4.10 Assignment Operator

A class can define its own assignment operator, which defines what actions occur when a value is assigned to an object. A class-specific assignment operator is needed because, similar to a copy constructor, special actions may need to be taken to insure that the object behaves in a reasonable way when objects of the same class are assigned to one another. By default, object assignment is bitwise: a bit-by-bit copy is done from the source object (the one on the right-hand side of the assignment operator) to the target object (the one on the left-hand side of the assignment operator).

The Message class illustrates the need for a class-specific assignment operator. The following example shows two Message objects, one of which is assigned to the other:

       Message targetMsg("Hello Word");
        Message sourceMsg("MacroSoft, Inc.");


        targetMsg = sourceMsg;          // assignment

Before the assignment statement is executed, the structure of the objects is as follows:

Before Assignment Statement

After the default (bitwise) assignment operation is completed the situation is this:

After Assignment Statement

There are two obvious, and serious, problems created by the default assignment. First, a memory leak has been created because the original targetMsg string is no longer accessible but has not been returned to the memory management system. Second, both objects (targetMsg and sourceMsg) point to the same character string. Because they point to the same string, the destruction of one of the Message objects causes the other Message object to point to memory with undefined contents.

What is desired by the assignment operator is the following:

Desired Result of Assignment

In this situation, the original targetMsg string ("Hello World") has been deallocated and the targetMsg now points to a copy of the original sourceMsg string ("MacroSoft, Inc.").

The Message class shown below includes a class-specific assignment operator:

  class Message {
        char* message;
        void operator=(const Message& source);

   void Message::operator=(const Message& source) {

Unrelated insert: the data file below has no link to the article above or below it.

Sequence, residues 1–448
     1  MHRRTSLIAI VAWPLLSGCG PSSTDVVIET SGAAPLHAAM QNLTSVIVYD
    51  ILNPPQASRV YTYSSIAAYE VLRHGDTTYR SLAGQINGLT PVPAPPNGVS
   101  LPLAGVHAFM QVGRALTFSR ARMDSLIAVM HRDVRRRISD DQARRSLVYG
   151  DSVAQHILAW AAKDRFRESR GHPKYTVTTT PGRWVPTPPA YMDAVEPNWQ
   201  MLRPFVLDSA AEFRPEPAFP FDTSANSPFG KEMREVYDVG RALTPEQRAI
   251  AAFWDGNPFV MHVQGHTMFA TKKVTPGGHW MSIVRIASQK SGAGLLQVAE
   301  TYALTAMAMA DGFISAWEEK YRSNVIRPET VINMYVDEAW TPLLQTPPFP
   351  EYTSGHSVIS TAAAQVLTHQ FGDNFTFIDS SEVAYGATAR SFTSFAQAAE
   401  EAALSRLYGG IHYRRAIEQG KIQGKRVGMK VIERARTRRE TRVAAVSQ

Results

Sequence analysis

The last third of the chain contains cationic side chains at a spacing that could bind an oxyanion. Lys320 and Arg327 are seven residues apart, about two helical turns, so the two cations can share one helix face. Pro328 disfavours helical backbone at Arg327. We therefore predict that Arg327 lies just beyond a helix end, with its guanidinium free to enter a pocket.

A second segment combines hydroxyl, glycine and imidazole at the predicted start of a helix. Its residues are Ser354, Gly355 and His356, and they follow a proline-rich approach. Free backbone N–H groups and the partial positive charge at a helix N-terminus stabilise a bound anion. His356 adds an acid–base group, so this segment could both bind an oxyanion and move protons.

delete message;                        // deallocate previous string
        message = copystring(source.message); // copy new string

The name of the assignment operator is "operator=". The "operator" part is mandatory and signifies that a class-specific definition is being given for a standard C++ operator. Which standard C++ operator is being given a class-specific meaning is determined by the symbol(s) that follow immediately after the "operator" keyword.



  1. Unsafe Address Class: The Address class represents a postal-system address defined by two character strings denoting the street address, and the city and state, and an integer zip code. All three items are required by the constructor. For example:

     Address office("123 Main St.", "Blacksburg, VA", 24061);

    Address home ("456 Cozy Dr.", "Blacksburg, VA", 24061);

    The Address class has a method SameZip that returns 0 or 1 indicating whether the address object executing the method has the same zip code as the Address object passed as a parameter by copy. For example:

     int same = office.SameZip(home);

    Implement an unsafe version of the Address class that has neither a copy constructor nor an assignment operator. Write a main program that uses this class and show how using the unsafe class can result in run-time errors, unexpected behavior, and/or memory leaks.

  2. Safe Address Class: Implement a safe version of the Address class. This version must be designed so that Address objects may be copied, assigned, and destructed safely and without memory leaks.
  3. Add an assignment operator to the Shape class. Test your code with a simple main program.
  4. Add an assignment operator to the Location class. Test your code with a simple main program.


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